Wednesday, January 23, 2008

The Chocolate War by Robert Cormier

I hesitated before I checked out the audiobook of The Chocolate War by Robert Cormier. I had passed it over numerous times when looking for a book to listen to in the car. I was unsure whether I wanted to enter the brutal world of Trinity School again. I had been disturbed by the book back in the 1970s. Would it seem as horrible now?

Thirty years have not lessened the horror of The Chocolate War. It is as creepy as ever. The battle between Brother Leon and Archie Costello of The Vigils, involving side battles with freshman Jerry Renault and a subtle power struggle within The Vigils, is still compelling reading. The difficulty of a second reading is knowing that the end will be ugly, just as the opening line of the book tells readers that it will be.

Looking at a synopsis in Masterplots II after I finished the audiobook, I noticed that essayist said The Chocolate War was fast-paced. I disagree. Cormier lets the reader linger in every tense moments, never rushing anything. He lets scenes mature before advancing. The reader is never let off with diluted drama.

I enjoyed listening to the book read by George Guidall, 6 1/2 hours. Another version is available read by Frank Muller in only 5 hours and 38 minutes, with an introduction by the author included. I do not know if a quicker reader could be as dramatic.

I wonder what impact the book had, if any, on schools. I notice that they still send their students out selling calendars, coupon books, wrapping paper, fruit, and chocolates. I sense that students in my area have the choice to participate or not, but I remember feeling pressure to sell when I was a student. So, did the book help? A search of the ERIC database returns lesson plans for teaching the novel in literature classes, but I see no reports on the conduct of school fund raising mentioning the title.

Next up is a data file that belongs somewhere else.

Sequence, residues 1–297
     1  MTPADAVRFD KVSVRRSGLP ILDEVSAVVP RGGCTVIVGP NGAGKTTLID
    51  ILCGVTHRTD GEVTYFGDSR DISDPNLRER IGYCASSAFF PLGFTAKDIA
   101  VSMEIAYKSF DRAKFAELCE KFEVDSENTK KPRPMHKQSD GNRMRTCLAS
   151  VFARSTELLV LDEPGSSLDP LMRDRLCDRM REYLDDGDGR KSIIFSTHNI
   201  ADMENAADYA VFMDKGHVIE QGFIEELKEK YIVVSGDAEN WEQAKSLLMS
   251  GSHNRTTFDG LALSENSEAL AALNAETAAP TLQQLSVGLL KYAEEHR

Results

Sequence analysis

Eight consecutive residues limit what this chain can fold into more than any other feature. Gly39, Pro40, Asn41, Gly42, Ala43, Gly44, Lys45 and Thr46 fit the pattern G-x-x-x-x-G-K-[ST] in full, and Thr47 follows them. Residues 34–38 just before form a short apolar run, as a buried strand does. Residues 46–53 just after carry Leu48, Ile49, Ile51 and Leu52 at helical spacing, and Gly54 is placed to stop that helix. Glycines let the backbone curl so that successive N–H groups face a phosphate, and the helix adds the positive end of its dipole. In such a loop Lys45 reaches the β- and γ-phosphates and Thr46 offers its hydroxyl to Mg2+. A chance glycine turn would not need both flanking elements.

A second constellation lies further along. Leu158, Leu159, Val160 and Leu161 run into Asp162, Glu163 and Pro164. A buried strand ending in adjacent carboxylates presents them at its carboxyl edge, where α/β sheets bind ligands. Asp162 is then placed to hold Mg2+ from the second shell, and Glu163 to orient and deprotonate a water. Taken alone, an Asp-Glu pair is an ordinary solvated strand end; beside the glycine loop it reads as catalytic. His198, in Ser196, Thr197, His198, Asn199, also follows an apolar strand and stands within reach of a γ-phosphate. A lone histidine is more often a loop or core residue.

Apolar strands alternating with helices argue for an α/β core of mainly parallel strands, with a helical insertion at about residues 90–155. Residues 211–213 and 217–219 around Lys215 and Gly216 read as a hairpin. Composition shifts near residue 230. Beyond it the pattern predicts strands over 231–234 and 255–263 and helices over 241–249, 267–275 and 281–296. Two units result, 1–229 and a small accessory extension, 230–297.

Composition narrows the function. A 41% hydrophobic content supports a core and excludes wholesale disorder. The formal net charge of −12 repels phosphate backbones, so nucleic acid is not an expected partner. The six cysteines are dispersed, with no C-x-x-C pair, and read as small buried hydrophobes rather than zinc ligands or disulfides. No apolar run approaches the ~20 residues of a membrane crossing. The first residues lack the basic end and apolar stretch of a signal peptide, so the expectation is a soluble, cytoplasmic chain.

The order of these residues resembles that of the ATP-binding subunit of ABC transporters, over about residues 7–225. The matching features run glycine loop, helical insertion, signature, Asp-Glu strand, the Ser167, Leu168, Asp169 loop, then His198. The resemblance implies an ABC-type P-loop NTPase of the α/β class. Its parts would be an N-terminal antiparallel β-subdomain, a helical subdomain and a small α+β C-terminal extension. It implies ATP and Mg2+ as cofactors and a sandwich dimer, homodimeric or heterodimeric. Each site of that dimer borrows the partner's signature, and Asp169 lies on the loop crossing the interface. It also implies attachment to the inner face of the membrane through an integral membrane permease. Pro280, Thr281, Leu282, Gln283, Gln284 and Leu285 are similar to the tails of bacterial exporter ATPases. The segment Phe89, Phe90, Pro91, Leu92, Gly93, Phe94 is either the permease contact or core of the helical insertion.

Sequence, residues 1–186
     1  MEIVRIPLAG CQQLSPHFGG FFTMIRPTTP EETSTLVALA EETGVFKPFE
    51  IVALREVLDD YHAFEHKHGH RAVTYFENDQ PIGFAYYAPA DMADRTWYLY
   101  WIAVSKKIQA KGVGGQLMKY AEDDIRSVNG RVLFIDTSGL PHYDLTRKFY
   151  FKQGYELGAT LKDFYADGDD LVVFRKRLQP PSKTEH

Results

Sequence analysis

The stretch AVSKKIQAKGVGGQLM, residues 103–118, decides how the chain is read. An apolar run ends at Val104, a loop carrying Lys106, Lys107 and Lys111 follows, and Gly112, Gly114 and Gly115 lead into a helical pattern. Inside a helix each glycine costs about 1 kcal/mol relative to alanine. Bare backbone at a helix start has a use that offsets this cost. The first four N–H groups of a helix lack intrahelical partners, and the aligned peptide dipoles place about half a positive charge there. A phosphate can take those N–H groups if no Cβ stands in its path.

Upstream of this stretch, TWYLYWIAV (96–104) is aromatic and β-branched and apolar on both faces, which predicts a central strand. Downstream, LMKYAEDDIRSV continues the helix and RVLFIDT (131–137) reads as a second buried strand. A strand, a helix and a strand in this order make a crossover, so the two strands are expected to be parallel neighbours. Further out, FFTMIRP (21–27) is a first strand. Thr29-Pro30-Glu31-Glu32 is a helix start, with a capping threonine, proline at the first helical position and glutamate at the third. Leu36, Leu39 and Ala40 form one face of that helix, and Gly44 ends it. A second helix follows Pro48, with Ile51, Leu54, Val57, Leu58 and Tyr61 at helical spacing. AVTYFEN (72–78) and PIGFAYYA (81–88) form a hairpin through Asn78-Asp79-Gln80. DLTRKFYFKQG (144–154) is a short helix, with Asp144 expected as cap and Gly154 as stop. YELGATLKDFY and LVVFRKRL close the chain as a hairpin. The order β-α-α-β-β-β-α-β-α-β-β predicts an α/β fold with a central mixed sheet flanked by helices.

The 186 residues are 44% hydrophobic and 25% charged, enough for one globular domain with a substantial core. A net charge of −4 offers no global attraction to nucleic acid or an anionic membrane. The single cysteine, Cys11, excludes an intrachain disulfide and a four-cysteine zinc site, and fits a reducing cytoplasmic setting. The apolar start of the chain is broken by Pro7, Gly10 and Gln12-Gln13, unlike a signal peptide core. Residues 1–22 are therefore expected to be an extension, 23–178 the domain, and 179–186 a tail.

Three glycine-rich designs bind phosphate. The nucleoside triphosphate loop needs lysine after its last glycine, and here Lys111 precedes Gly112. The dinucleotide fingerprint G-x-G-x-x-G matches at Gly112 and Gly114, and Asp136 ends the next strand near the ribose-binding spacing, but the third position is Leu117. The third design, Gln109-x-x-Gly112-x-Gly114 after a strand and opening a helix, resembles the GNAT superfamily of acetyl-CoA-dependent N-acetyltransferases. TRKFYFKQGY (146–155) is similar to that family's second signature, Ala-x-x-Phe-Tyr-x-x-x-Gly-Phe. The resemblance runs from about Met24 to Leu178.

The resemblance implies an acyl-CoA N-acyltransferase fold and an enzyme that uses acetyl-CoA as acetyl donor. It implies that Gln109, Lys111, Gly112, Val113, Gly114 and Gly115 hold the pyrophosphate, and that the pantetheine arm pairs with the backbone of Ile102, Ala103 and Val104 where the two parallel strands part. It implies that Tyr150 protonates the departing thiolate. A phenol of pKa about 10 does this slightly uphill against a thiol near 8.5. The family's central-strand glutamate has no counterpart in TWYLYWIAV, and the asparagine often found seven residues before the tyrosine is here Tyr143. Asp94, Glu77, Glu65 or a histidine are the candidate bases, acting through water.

I just noticed that Cormier also wrote Beyond the Chocolate War. Dare I enter that world again?

Cormier, Robert. The Chocolate War. Recorded Books, 1993. ISBN 1402522940

1 comment:

Unknown said...

It's interesting that you ask if the book affected fundraising at schools.

I teach in a public middle school and am a big fan of the book. It does continue to affect schools but not schoolfundraising. I've never really seen it as a book about fundraising, not really.

We sell magazine subscriptions. The money raised pays for spirit day activities and prizes. These are not paid for by the state so no magazine sales equals no lunchtime game programs, no students of the month, no end of the year picnic, etc.

I'd be thrilled if the state picked up the bill and we could stop selling magazines. I'd also be thrilled if every student but one sold a subscription. We could really have a blue ribbon quality luchtime game program then.

The Chocolate War is still one of the most frequently banned books year after year. It's still got that power. I've not read the sequel but have only heard bad things about it.

Thanks for your excellent blog.